As you know, I have been playing a variety of decks in Standard. This is the normal process I go through until I find a deck I really believe in and am willing to continue work on. The deck I have played the most is The Aristocrats. Most of the red, black, and white cards are exactly what I want to be doing in Standard right now. This past week, after looking at the cards I felt were underplayed in Standard, I set out to craft a deck utilizing them. As it so happens, many of the cards on the list fall into those Aristocrat colors.
My process for this deck was twofold. First of all, I wanted to create a controlling deck based on a specific set of removal spells and finishers. Second, I based the initial deck list on how Aristocrats looked post-board in many matches. Combining these ideas in the deck building process led me to create a deck that was well set up to crush the aggressive strategies popular in Standard right now. In return I was left in a worse position against the midrange decks of the format. Take a look at the deck.
Most players' reaction to this deck is that the mana curve seems high. My counterargument is that I play more cheap removal spells than Jund. There is definitely a lot of interacting in the early game, but no acceleration to get to the midgame faster. Because there is so much removal, this is not a problem. In fact, I typically had more removal than my opponents could handle.
Naya is the new tier-one deck in the format in most player’s eyes. BWR Control makes quick work of that deck. Your removal is well suited to take out their creatures and they typically do not have as many threats as you have creatures. Once you stabilize, you can start playing your tokens and attacking.
Another common way to win is just by playing Obzedat. They have no way to handle this potent threat. Until the board is clear, you should be almost always be blinking him out at the end of each turn. Sometimes, you need to keep him in play as a blocker, but when you do, you risk a pump spell or burn spell in combat.
The weakest cards in this matchup are Sin Collector, which almost always is just a Gray Ogre, and the one Assemble the Legion. I cast Assemble one time against Naya and promptly died the following turn. Most of the time, you cannot afford the turn it takes to sit in play doing nothing. In other matchups it is quite good, but against aggro it gets sideboarded out.
The plan post-board is -3 Sin Collector and -1 Assemble the Legion for +4 Devour Flesh. This plan has been very successful and I highly recommend it.
Unfortunately the midrange matches didn’t turn out as favorable as I would have liked. There are more ways to get rid of Obzedat than previously and many of your maindeck removal spells depend on your opponents' draw. Jund is basically a mirror match where they are set up slightly better for game one. They normally have a hard time with your token strategy post-board, but game one is rather close. My testing against Jund is inconclusive because it seemed like I could never get a decent draw against them. One positive note, typically this match is not nearly as long as the typical Midrange vs. Midrange battle.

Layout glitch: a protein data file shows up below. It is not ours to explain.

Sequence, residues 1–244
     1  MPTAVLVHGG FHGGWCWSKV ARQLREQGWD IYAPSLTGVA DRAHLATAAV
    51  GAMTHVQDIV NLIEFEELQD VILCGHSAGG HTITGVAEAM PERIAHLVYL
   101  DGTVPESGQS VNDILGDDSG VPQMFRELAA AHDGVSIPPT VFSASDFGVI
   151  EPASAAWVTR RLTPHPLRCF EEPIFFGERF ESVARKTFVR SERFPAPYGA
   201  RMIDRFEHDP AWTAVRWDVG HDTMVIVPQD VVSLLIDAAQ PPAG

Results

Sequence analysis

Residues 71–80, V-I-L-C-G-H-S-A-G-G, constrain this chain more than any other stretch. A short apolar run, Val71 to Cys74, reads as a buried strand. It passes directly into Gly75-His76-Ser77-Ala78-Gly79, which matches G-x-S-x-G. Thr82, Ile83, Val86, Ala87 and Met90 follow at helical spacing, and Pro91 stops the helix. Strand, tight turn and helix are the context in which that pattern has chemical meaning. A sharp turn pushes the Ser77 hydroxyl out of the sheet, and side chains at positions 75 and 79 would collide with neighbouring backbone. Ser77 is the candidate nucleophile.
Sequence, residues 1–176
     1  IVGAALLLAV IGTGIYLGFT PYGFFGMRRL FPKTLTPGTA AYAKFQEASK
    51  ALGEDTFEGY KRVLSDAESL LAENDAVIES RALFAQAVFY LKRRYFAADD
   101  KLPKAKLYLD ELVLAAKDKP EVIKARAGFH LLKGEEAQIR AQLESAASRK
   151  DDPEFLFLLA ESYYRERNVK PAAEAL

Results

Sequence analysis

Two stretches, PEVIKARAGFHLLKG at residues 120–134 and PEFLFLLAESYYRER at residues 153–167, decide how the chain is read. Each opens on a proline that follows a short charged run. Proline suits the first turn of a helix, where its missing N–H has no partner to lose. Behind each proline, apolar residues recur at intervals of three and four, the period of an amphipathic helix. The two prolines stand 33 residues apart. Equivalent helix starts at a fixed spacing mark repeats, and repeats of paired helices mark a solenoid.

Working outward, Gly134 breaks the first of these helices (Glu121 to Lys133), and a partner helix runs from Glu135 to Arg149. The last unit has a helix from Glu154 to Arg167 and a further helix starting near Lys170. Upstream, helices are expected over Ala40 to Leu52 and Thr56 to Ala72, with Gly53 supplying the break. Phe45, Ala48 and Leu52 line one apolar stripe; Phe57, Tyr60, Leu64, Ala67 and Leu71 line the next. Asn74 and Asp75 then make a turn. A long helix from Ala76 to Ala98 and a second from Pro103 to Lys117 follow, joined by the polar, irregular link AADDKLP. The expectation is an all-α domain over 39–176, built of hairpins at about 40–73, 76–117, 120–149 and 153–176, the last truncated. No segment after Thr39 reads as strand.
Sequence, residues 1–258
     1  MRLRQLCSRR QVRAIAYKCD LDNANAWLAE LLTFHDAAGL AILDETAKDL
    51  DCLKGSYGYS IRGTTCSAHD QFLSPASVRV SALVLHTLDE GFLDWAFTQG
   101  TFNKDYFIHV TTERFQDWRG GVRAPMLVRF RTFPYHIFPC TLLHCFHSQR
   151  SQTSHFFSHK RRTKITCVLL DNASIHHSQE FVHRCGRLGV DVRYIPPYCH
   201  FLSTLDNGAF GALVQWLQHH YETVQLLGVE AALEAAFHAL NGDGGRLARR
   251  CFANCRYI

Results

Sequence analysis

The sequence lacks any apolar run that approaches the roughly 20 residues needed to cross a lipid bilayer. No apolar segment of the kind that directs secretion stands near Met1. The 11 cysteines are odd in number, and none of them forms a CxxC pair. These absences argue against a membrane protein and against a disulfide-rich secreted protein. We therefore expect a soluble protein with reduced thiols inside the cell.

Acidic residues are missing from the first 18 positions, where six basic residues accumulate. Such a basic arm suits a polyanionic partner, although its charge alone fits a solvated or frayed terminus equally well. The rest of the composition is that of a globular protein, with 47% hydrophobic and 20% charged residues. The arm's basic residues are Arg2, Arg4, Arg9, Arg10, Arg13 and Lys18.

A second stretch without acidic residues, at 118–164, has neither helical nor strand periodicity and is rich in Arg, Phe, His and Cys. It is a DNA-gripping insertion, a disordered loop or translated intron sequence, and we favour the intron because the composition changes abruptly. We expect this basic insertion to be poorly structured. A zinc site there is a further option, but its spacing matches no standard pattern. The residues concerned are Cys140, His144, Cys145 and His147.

One idea I had to improve the match was to play Blood Baron of Vizkopa instead of Obzedat. Despite Obzedat being the much better card in my opinion, it would function similarly in the aggro match while being much harder to kill for Jund. I have not tested the change but it seems likely it would be better to play Baron.
The Junk match is similarly close like Jund, but they have many less ways to kill your threats. You can slow them down with your removal enough to defeat them the majority of the time.
Overall, I really liked this deck. It seemed very good in the format right now. If you are looking for a better way to fight against Naya or Aristocrats, give this deck a try.
As I was working on this concept of BWR Control, it seems that some other players were also. Take a look at what some other players are sleeving up in Standard.
By Frank Lepore
As you can see, these two decks have many cards in common. The removal packages seem developed with the same threats in mind and the finishers have just as much overlap as well. Both decks are trying to do basically the same thing.
One part of this deck I don’t like is Nearheath Pilgrim and Restoration Angel. In my opinion, Restoration Angel is a poor choice for this deck. You are rarely utilizing the blink ability and just playing it as a minor threat with flash. To me that's not enough. The Nearheath Pilgrim also seems out of place. The ability to gain some life back when paired with any of your creatures is great, but it doesn’t seem like it would work out well in the end.
Never having tried this version, I wouldn’t recommend changing it immediately but after testing, I don’t think it would end up in the deck. One card that some versions similar to this play is Rhox Faithmender. I can see the benefit to that card but I’m not certain it is necessary either.
No matter which specific cards you want to play, BWR Midrange is well set up to take on the format. This deck requires testing, patience, and a good eye for threat evaluation. If you enjoy midrange deck and have some of those skills, I would highly recommend playing this deck.
Until Next Time,
Unleash the Midrange Force!
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